As the baseline framework, we adapted a state-of-the-art VAW-GAN-EVC [36] that can perform conversion from one emotional state to another. We note that for each emotion conversion pair, we need to train a new VAW-GAN-EVC model as it is not capable of performing one-to-many conversion. In contrast, DeepEST provides more flexible manipulation and generation of the output emotion, as it can perform an emotional conversion from one emotional state to many and generate unseen emotions, which will be investigated in the following sections.

MOS N2H N2S N2A
Reference 4.80 0.14 4.69 0.23 4.78 0.14
VAW-GAN-EVC 2.93 0.27 3.10 0.27 2.93 0.27
DeepEST 3.01 0.26 3.16 0.26 3.04 0.29
Table 2: MOS results with 95 % confidence interval to assess the speech quality.

In DeepEST, 513-dimensional SP, and APs are extracted every 5 ms with the FFT length of 1024 using the WORLD vocoder. The frame length is 25 ms with a frame shift of 5 ms. We normalize every input frame of SP to unit sum and then re-scale it to logarithm. The encoder is a 5-layer 1D CNN with the kernel size of 7 and a stride of 3 followed by a FC layer. Its output channel is 16,32,64,128,256. The latent representation is 128-dimensional and assumed to have a Gaussian distribution. The deep emotional feature is 256-dimensional, and concatenated with the 128-dimensional latent representation and 1-dimensional contour to merge as the input to the decoder. The decoder is 4-layer 1D CNN with kernel size of 9,7,7,1025 and strides of 3,3,3,1. Its output channel is 32,16,8,1. The discriminator is a 3-layer 1D CNN with kernel size of 7,7,115 and strides of 3,3,3 followed by a FC layer. The networks are trained by using RMSProp with a learning rate of 1e-5. The batch size is set as 256 for 45 epochs.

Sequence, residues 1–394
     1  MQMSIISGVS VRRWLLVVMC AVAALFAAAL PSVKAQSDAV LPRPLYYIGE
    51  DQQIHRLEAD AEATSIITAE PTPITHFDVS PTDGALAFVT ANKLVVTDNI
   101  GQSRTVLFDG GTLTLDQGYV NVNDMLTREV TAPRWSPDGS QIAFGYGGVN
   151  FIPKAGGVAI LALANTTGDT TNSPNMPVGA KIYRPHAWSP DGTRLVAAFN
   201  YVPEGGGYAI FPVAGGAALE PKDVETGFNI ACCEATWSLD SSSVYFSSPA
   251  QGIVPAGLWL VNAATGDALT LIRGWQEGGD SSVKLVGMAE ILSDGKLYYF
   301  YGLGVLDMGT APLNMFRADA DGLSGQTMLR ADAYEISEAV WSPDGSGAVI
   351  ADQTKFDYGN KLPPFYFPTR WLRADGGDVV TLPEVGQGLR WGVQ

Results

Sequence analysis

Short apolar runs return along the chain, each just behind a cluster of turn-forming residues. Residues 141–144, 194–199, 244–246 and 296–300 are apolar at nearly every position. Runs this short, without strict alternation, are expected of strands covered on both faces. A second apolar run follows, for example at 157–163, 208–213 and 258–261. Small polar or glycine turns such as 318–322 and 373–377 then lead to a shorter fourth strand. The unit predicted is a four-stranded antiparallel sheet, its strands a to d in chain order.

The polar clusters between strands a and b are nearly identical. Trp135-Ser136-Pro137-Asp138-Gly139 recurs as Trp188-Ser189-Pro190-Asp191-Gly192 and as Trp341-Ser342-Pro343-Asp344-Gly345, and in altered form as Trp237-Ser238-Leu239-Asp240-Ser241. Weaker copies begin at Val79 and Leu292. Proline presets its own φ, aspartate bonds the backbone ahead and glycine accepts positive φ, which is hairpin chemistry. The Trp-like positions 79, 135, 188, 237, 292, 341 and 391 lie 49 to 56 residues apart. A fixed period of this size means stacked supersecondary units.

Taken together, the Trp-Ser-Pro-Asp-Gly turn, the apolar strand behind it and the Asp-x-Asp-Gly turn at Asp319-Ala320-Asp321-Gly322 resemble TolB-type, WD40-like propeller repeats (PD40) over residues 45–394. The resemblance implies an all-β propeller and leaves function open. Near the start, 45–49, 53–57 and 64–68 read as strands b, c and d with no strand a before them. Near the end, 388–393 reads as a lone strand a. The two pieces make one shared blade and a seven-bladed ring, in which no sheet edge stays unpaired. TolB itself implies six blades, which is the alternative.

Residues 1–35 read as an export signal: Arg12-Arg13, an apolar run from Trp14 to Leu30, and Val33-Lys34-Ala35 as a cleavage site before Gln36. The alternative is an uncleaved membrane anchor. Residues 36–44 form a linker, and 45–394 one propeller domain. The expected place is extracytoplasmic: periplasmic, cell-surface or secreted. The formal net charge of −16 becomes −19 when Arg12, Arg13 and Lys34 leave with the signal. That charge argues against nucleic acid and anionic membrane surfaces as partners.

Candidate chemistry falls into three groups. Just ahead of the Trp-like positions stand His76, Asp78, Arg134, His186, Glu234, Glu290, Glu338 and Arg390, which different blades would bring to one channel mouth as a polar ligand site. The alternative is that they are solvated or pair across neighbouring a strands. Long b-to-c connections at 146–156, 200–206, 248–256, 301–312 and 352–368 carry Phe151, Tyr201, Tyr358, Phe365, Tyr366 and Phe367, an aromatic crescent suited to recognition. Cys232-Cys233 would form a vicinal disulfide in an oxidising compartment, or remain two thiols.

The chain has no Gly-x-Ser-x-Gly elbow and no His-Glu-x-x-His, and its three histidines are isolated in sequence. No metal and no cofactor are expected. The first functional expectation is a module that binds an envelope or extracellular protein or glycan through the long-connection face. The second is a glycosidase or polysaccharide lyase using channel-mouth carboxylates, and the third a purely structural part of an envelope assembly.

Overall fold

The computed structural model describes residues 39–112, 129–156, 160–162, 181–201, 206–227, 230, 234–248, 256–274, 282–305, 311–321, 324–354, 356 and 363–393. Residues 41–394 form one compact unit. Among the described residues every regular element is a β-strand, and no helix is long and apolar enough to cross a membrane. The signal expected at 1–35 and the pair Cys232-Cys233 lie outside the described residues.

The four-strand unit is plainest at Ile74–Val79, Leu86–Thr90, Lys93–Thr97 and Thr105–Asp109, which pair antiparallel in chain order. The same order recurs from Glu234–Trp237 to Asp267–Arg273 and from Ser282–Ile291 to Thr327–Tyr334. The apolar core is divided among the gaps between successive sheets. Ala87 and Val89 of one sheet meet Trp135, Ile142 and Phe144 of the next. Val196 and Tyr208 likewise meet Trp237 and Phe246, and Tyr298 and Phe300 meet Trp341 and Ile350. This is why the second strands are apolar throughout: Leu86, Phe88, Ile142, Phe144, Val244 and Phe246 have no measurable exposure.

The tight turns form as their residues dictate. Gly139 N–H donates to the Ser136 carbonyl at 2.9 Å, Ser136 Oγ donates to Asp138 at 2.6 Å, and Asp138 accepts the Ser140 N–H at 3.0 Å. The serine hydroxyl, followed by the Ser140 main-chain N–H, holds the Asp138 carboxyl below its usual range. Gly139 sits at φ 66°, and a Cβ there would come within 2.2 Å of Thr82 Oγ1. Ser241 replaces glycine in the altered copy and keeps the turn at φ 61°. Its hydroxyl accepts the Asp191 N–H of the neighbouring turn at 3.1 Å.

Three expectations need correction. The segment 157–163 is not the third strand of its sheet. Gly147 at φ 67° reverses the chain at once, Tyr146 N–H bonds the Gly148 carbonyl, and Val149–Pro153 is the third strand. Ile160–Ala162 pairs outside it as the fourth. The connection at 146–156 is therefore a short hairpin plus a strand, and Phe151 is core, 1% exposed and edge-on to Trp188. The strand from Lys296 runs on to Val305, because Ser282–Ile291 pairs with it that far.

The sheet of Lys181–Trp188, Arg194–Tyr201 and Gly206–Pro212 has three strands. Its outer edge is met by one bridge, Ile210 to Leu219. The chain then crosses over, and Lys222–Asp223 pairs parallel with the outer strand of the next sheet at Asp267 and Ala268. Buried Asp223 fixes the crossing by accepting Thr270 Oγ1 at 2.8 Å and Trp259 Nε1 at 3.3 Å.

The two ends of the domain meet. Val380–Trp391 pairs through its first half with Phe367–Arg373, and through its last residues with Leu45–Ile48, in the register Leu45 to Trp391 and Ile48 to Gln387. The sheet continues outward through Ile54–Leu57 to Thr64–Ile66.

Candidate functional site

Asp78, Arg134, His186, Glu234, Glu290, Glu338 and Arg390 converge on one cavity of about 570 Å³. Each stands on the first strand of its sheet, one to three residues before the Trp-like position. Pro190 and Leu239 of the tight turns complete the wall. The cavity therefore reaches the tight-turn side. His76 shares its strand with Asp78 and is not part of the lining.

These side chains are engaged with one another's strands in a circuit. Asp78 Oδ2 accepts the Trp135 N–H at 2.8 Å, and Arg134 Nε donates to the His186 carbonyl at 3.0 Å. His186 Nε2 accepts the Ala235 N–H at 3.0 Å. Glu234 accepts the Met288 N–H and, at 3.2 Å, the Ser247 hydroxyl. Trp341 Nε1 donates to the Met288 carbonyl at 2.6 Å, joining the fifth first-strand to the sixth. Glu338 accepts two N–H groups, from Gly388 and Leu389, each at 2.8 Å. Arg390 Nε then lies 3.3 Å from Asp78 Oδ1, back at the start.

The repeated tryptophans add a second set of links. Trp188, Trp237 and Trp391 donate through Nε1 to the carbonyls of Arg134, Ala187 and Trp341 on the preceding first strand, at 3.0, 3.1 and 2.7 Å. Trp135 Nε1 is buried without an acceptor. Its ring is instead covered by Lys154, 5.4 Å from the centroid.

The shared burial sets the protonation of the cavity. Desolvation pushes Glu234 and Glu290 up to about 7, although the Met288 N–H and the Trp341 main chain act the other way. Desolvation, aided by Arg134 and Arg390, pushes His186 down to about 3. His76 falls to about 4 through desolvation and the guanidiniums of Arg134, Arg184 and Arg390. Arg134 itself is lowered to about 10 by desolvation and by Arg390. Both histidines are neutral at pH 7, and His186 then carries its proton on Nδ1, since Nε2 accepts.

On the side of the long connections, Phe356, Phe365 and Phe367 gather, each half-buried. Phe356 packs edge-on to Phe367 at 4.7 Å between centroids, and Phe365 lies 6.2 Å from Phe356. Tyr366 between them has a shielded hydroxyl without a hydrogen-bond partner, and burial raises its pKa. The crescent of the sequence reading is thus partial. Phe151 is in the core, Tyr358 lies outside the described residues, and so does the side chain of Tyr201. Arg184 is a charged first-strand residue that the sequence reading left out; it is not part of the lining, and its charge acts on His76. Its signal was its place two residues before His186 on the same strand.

4.3 Objective Evaluation

We conduct objective evaluation to assess the performance of our proposed model. We calculate Mel-cepstral distortion (MCD) [28, 26] to measure the spectral distortion between the converted and reference Mel-spectrum for two male and two female speakers for three emotion combinations.